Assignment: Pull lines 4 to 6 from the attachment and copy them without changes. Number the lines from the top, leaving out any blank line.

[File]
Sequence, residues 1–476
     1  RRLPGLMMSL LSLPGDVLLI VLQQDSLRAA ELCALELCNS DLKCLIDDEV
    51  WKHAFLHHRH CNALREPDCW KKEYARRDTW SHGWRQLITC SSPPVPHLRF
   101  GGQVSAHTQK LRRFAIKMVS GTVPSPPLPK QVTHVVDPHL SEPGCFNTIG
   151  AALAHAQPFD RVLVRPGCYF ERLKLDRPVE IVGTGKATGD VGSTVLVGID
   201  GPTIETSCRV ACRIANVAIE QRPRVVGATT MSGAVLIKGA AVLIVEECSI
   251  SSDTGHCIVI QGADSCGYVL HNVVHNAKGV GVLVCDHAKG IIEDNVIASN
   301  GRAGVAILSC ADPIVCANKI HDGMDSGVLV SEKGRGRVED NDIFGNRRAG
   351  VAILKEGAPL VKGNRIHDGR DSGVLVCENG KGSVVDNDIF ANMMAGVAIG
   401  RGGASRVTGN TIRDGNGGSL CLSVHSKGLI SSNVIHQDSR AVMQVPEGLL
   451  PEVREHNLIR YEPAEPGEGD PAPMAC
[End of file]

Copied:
   101  GGQVSAHTQK LRRFAIKMVS GTVPSPPLPK QVTHVVDPHL SEPGCFNTIG
   151  AALAHAQPFD RVLVRPGCYF ERLKLDRPVE IVGTGKATGD VGSTVLVGID
   201  GPTIETSCRV ACRIANVAIE QRPRVVGATT MSGAVLIKGA AVLIVEECSI